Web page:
Jeff Schechtman: Tell us a little bit about where this research is going on right now, and who are the people that are funding and responsible for it.

Cara Brook: So as I mentioned, our BatOneHealth team works in four global field sites. My work is focused in Madagascar. I studied three species of endemic Old World fruit bat on the Island of Madagascar and worked very closely with Institut Pasteur of Madagascar, and in particular a Malagasy biologist, [inaudible 00:19:09]. The field team in Australia is led by Dr. Raina Plowright of Montana State University, Dr. Ali Peel of Griffith University in Australia, and a number of hardworking graduate students and post docs who work with them. There’s a team that is joined with John Hopkins University and led by Dr Emily [inaudible] that works in Bangladesh. Then our team in Ghana involves a number of Ghanaian scientists joint with the team at Cambridge University as well.

Jeff Schechtman: To what extent can all of this be anticipated looking forward that we are going to see future pandemics, not unlike this, also emanating from bat.

Cara Brook: I think that bats certainly serve as a source of highly virulent, dangerous pathogens and the more impacts on wild fruit bats and insectivorous bat habitat that we’re going to see into the future are going to be paired with future zoonosis. I mean, already in the past 20 years, we’ve seen outbreaks of SARS and MERS and now SARS-CoV-2 Coronaviruses. In addition, Ebola and Marburg, filoviruses, Hendra and Nipah Henipaviruses, where we see human cases every year.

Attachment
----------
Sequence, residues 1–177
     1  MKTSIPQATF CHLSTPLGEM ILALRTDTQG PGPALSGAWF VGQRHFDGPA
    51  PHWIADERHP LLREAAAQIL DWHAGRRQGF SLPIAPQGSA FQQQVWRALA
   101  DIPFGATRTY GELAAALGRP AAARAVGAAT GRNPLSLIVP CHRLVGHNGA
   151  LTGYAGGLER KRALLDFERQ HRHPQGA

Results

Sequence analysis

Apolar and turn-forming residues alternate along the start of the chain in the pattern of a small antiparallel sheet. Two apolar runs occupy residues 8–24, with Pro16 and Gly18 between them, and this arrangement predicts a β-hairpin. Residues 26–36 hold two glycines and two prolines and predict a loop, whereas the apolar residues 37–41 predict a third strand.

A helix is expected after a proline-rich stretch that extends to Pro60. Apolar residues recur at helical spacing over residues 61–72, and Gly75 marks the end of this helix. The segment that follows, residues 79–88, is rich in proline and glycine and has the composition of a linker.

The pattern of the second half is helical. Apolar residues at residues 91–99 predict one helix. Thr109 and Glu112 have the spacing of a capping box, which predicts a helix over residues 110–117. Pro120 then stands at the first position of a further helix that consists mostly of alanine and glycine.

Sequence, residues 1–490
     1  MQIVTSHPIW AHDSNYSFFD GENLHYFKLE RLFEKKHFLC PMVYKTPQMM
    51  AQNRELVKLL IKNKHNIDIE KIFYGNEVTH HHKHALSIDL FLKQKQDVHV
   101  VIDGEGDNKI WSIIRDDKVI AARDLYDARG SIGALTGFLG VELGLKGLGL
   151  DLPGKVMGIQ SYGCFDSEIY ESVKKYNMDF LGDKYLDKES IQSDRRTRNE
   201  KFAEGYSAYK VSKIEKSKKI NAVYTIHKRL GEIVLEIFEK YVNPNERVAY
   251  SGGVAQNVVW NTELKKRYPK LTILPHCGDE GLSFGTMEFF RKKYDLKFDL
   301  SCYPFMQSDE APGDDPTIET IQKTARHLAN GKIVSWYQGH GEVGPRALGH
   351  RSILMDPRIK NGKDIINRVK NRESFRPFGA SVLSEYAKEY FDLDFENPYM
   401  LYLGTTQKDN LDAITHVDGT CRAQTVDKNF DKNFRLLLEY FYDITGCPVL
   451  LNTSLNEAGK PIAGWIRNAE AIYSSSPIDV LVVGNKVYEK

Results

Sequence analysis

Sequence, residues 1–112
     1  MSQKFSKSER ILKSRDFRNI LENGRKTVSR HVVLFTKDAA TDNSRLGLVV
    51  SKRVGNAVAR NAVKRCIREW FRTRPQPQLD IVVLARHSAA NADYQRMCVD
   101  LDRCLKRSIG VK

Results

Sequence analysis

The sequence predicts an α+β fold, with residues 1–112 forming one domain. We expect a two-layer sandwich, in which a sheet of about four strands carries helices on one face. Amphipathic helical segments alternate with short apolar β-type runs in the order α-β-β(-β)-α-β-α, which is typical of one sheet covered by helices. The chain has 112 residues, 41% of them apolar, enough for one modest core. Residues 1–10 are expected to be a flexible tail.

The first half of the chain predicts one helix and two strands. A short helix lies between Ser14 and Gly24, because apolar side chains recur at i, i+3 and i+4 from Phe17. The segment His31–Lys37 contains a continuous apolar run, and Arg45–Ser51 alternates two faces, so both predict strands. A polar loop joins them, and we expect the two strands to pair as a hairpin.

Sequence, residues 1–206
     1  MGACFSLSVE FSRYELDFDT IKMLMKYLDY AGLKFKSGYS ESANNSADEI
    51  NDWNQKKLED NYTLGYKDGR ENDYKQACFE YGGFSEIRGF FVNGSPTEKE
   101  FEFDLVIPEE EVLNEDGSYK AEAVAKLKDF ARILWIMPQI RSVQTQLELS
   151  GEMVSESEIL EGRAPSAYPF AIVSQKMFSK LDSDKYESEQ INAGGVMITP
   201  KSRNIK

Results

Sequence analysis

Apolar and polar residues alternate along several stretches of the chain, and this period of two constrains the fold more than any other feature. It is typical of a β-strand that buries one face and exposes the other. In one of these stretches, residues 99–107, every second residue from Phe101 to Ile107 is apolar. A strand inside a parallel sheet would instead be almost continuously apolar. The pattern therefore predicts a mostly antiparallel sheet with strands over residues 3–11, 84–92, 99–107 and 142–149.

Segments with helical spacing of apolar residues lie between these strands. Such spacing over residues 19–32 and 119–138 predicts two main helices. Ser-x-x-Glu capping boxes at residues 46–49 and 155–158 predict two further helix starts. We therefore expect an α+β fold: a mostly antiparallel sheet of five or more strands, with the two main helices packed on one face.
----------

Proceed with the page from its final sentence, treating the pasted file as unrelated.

Cara Brook: So this is a recurring problem and zoonotic pathogens pose some of the greatest threats because we are not able to control the infection through human public health. The Black Death was so globally destructive because a lot of the public health measures that were taking to combat Covid-19 were ineffective because there was a rodent reservoir for that pathogen. So regardless of how we vaccinate or control a pathogen within the human population, if it has a zoonotic source, it’s going to become a recurring threat.

Cara Brook: And in the case of Coronaviruses, they’re highly, highly diverse in bat populations globally and several have demonstrated their ability to enter human cells, to bind this human cell receptor ACE2 and become infectious in the human population. So I think that it’s really important that we be aware of the potential threats posed by these bat populations, but also understand that processes and patterns of exploitation actually exacerbate this problem, and that by working together with conservation biologists and public health practitioners, we can achieve win-wins for both wildlife conservation and human public health.